The collection is divided into
thirteen rooms and consists of about 1150 works of art of great variety, which document the collector’s keen passion and extraordinary critical farsightedness. There are paintings from the 13th to the 18th centuries, Italian and foreign miniatures from the13th to the 16th centuries, archaeological glassware, majolicas, pottery, bronze and marble sculptures, ivories, enamels, jewelry, all of them collected with great passion, and all of them precious documents of culture and art in Italy and Europe.
Some particularly interesting sections of the collection are the processional crosses, the glassware and singular rock crystal pieces and the large section of the so-called "primitive" paintings, with more than seventy works by Pietro Lorenzetti, Bernardo Daddi, Lippo Memmi, Lippo di Benivieni, Lorenzo di Bicci, Barnaba da Modena, Paolo di Giovanni Fei, Il Sassetta. Also worthy of mention are the many tempera and oil paintings including Vincenzo Foppa, Antonio Vivarini, Bergognone, Tintoretto, Sebastiano del Piombo, Giovanni Cariani, Gentile and Giovanni Bellini. For 16th century paintings,
the room with the collection of portraits is particularly noteworthy, with works by Titian, Paolo Veronese, Giovanni Battista Moroni, Pontormo. Then there are the 16th and 17th century paintings by the landscape painters of the Roman and Venetian schools, the latter represented by the 'vedute'
of Bernardo Bellotto, Canaletto, Francesco Guardi, Michele Marieschi. The Still Life room which closes the visit has mainly 17th century paintings, in which flowers, musical instruments and architectural fragments take on moral and symbolic meanings. In other words, a great journey into Italian painting and European art.
Educational activities, particularly those for schools, are an important part of the work of the Museum.
They are based on methodologies developed over a decade of experience. In order to interest children in the fascinating world of art and history through this rich collection, the Museum has for many years proposed the research project "School at the Museum, the Museum at school", which consists of themed itineraries that can be effectively used either in sequence or in a way which fits in with the school curriculum, creating a constructive interaction between the heritage preserved in the Museum and the syllabuses of the various school subjects. Through variously-structured experiences it is thus possible to "use" the museum and its works of art as a useful tool of knowledge and research. Each itinerary can be divided into various sessions, according to the theme and the target class, giving more space to the play aspect when smaller children are involved, so that each one can set free their imagination and creativity. In order to better serve a growing demand for these activities, both at and outside school, the museum has set up a permanent teaching laboratory, a "zero" space tailored to children, especially designed to make their time spent here more pleasant and comfortable. Our goal is thus learning through fun, our desire is to continually renew ideas and opportunities.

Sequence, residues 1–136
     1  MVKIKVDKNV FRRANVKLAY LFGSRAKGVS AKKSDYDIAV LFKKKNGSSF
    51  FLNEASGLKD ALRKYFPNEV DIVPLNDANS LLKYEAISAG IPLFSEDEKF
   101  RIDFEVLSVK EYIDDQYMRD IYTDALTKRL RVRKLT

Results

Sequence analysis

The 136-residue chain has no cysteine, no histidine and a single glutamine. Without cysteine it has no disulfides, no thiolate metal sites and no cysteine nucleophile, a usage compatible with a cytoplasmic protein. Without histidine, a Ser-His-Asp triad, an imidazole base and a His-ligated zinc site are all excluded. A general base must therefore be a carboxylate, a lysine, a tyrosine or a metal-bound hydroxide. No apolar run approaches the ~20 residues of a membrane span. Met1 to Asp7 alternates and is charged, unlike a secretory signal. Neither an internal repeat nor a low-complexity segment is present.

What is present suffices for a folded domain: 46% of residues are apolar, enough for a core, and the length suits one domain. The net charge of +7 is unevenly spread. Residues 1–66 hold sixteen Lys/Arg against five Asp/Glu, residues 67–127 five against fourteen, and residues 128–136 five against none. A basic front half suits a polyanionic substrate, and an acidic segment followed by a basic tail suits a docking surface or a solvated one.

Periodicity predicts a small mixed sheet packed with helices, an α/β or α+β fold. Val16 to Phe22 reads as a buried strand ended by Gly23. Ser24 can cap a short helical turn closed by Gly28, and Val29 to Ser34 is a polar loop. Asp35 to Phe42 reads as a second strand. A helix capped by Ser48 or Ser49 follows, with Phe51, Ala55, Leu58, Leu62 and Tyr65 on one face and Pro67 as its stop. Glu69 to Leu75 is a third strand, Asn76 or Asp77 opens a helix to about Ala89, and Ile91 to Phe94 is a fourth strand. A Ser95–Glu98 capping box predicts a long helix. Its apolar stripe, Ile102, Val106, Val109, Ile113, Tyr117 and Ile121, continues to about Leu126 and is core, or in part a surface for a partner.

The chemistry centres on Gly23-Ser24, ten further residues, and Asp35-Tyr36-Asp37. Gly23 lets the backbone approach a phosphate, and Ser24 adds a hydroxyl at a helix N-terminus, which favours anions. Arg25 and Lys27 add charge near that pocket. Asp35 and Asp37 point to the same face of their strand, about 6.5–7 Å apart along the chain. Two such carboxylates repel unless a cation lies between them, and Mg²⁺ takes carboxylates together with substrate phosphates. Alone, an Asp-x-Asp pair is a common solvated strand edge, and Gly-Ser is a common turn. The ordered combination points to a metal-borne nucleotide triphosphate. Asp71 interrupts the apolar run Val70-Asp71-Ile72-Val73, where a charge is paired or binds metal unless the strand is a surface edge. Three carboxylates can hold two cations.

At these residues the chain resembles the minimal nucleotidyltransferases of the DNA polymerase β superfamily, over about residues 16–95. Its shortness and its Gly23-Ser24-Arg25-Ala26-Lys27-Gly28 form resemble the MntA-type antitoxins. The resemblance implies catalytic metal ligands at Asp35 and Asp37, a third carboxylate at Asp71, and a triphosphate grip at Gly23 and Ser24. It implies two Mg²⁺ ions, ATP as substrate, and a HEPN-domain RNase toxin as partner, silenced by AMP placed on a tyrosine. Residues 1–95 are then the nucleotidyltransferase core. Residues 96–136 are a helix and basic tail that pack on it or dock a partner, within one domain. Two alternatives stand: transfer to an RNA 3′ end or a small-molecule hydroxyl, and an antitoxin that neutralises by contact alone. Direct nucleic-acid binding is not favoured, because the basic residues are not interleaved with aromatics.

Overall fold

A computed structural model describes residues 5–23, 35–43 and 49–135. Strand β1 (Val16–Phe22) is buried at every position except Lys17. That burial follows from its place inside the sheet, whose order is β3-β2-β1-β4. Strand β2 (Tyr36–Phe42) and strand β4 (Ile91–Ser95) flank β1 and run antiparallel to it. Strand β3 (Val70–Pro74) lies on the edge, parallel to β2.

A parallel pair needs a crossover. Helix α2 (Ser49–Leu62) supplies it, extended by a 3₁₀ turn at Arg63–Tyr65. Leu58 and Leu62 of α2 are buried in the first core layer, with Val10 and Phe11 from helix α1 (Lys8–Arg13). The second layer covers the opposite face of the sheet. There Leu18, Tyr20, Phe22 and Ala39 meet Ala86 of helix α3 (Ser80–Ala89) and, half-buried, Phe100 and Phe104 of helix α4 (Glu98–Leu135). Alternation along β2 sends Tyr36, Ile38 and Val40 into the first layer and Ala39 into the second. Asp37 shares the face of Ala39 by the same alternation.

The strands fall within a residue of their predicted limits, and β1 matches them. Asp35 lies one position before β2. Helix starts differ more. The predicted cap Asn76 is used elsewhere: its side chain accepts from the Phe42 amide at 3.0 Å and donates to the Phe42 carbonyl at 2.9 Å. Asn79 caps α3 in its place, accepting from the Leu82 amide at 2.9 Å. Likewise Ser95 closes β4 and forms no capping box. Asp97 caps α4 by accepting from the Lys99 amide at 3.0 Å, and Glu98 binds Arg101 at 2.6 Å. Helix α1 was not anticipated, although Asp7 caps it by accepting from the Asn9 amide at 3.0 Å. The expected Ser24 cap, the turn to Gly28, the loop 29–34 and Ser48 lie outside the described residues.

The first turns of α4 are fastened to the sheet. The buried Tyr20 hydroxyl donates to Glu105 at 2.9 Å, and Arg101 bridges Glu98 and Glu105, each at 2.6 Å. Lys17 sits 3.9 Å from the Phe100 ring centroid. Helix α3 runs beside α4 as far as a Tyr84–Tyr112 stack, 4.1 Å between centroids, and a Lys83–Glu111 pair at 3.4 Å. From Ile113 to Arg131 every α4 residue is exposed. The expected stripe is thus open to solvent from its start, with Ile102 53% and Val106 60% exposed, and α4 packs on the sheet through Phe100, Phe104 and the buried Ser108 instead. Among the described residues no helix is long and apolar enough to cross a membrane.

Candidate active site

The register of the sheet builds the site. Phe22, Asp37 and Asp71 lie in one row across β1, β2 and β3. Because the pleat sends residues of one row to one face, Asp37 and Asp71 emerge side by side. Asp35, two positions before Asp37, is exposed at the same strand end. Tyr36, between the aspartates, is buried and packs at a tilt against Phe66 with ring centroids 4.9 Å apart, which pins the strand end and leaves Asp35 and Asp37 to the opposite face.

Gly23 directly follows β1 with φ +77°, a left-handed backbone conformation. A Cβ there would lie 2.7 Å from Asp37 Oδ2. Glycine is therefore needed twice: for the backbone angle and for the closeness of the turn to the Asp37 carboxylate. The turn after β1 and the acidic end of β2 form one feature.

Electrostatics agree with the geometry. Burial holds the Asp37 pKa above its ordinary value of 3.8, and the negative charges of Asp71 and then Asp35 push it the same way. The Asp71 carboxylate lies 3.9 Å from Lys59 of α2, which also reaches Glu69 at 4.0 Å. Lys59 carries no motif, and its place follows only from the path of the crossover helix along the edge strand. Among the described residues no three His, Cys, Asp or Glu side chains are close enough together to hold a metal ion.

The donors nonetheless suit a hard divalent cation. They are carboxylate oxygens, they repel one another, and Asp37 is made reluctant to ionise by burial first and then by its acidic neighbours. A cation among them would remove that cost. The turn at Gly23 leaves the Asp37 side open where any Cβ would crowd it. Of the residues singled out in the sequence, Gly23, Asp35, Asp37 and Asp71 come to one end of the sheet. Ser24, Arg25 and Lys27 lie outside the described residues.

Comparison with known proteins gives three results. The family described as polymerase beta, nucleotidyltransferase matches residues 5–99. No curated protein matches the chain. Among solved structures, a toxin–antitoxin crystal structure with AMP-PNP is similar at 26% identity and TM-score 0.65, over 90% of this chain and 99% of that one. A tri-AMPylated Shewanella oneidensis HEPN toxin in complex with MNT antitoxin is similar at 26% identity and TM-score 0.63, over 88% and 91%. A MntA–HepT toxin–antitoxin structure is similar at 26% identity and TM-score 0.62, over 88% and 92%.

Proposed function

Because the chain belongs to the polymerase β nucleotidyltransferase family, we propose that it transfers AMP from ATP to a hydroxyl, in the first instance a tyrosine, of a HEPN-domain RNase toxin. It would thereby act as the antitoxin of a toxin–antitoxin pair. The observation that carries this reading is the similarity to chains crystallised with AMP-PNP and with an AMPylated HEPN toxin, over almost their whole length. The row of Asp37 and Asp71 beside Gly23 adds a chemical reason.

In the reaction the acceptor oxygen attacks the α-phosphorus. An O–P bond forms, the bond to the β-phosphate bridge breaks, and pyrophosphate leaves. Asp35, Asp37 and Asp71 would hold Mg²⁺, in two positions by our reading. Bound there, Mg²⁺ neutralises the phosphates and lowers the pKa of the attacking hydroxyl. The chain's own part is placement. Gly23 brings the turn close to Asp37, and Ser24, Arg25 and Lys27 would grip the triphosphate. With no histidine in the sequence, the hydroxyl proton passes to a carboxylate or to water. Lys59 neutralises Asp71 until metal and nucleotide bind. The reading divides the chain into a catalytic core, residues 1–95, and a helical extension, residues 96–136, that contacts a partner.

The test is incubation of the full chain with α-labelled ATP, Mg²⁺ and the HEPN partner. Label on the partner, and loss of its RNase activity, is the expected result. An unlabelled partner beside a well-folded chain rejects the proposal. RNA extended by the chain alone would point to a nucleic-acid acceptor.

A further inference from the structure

"Amedeo Lia" Museum
The "Amedeo Lia" museum of La Spezia is located in the old convent of the minimites of St. Francis from Paola,
who settled in the town in about 1620. The building of the convent and then the church began in 1616, the date when the land was granted to the monks by the Community of La Spezia. The building is in a strategically important position, at the point where the road linking the Gulf with Genoa exits from the walled town. Moreover, as can clearly be seen on the old maps and as the names of the surrounding roads still indicate, the area was particularly rich in water. In 1798, following the Jacobin suppressions, the convent lost its original function and became first a Military and then a Civic Hospital. These different functions led to profound changes in the physical layout, which were particularly marked in the 1820's. In this period the bell-tower was demolished, the roof relaid, a floor added underneath the church vault and a series of pilasters built inside the church to split up the original volume horizontally and create spaces which would serve as hospital wards. This extension was demolished during the re-adaptation of the building as a museum. The last modifications to the hospital in this location were made in 1896-1898 before it was then transferred. The building was abandoned from 1914 onwards and subsequently readapted as a barracks and residence. Finally, just after the war, its function was changed again; this time it became the Pretura (magistrates' court), hence municipal offices. Following Amedeo Lia's donation of his collection to the Borough of La Spezia, the building was selected as the site of the future museum. In the restoration, the operations of demolition and integration were limited to the indispensable, so as to emphasise the intrinsic qualities of the building and allow its original historical identity to emerge, while rendering it fit for its new function of museum.
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